Published August 13, 2021; updated December 15, 2021
In June, when the U.S. Food and Drug Administration (FDA) approved the drug aducanumab (marketed as Aduhelm) for treating Alzheimer’s disease, reactions were mixed. Some experts considered the decision a breakthrough moment for a field that hasn’t offered a new therapy in more than 20 years. Others – including three members of the FDA’s own advisory committee, who resigned in protest – called it a regulatory failure.
UCSF neurologist Gil Rabinovici, MD, the Fein and Landrith Distinguished Professor of Memory and Aging, explains the controversy and shares why he thinks Alzheimer’s care is entering a new era “regardless of whether aducanumab proves to be a blockbuster or a bust.”
How does aducanumab treat Alzheimer’s?
Alzheimer’s disease is defined by two protein deposits that are found in the brain: amyloid plaques and tau tangles. Aducanumab targets the plaques. It’s what’s called a monoclonal antibody, which works like the antibodies made by the immune system: It attacks amyloid plaques as if they were a virus or other foreign entity. Aducanumab is the first Alzheimer’s drug that is very effective at clearing these plaques.
How did the drug become controversial?
In February 2019, the manufacturer, Biogen, suddenly announced that they had stopped the phase III trials of aducanumab, which were designed to test whether the drug slowed cognitive decline for patients with amyloid plaques who were in the early stages of memory loss. Basically, Biogen’s statisticians had determined that there was a very low likelihood that the drug would show a difference in clinical outcomes compared with a placebo.
Then, eight months later, the company made another sudden announcement: As more of the trial data had become available, they had found that one of the trials – in which more people received the highest dose of the drug – actually was successful. In the following months, Biogen worked closely with the FDA to try to understand these very complicated data. There are now allegations that this relationship was a little too close; at least two congressional committees and the Office of the Inspector General are investigating.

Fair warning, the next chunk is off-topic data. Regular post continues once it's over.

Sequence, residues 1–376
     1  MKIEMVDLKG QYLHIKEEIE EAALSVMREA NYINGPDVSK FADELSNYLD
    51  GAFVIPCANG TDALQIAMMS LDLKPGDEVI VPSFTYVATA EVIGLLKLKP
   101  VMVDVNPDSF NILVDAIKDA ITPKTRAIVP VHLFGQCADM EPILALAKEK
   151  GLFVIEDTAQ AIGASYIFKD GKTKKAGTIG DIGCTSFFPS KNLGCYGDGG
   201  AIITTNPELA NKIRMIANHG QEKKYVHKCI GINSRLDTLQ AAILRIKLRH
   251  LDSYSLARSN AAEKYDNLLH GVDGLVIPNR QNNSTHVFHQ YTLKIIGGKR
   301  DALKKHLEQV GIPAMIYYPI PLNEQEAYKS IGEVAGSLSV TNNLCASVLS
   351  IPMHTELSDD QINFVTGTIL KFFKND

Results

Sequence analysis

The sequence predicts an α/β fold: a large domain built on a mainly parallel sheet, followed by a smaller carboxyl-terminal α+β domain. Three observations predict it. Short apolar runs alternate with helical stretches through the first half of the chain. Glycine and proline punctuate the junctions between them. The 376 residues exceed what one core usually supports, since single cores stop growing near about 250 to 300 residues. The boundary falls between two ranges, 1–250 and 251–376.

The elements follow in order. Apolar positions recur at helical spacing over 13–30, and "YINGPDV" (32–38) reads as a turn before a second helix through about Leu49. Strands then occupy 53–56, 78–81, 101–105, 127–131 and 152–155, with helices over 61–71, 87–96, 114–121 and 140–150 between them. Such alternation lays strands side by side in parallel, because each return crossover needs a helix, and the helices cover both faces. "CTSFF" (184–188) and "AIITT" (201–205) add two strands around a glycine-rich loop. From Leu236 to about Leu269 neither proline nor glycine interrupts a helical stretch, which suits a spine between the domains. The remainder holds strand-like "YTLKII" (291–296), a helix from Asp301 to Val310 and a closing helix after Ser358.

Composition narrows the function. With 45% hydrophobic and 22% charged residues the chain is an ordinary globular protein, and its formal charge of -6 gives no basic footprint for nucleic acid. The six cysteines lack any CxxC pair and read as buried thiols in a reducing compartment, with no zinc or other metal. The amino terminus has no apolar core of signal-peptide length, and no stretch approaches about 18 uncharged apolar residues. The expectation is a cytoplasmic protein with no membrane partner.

What happened next?
On June 7, 2021, the FDA introduced yet another twist in the story: It approved aducanumab, against the advice of its own advisory committee. The agency did this through an accelerated path designed to increase the availability of new drugs for severe diseases that have very limited therapeutic options. In accelerated approval, you can approve a drug based not on evidence that it has clinical benefits – which is the standard for most drugs – but rather based on evidence that it changes the biology of a disease in a way that is likely to have clinical benefits.
So in the case of aducanumab, the phase III trials consistently showed that the drug removes plaques effectively – a 55% to 60% reduction, on average. There is a lot of controversy about whether removing amyloid plaques really benefits patients. It’s not a cure by any means. But based on the trial data for aducanumab and early results from two similar plaque-busting antibodies, my opinion is that these drugs do have a modest effect on slowing cognitive decline.
Other experts disagree with you, including some of your own UCSF colleagues who are not convinced there is enough evidence that aducanumab can help people.
I agree that this is not a home-run drug, I agree that the data could be clearer, and I can understand physicians who are worried and reluctant. I wish the FDA had required Biogen to complete a third phase III trial with the higher dose so that there wouldn’t be any confusion about whether the drug does or doesn’t work.
That being said, I’m not ready to throw this drug out entirely now that the FDA has approved it. Alzheimer’s disease is a devastating illness. Given the choice between the certainty of decline and the chance that a drug like this might slow that process – even if the benefit is modest, and there is risk involved – many patients will choose to take that risk. I feel we have an obligation to discuss this drug as an option with our patients who might benefit.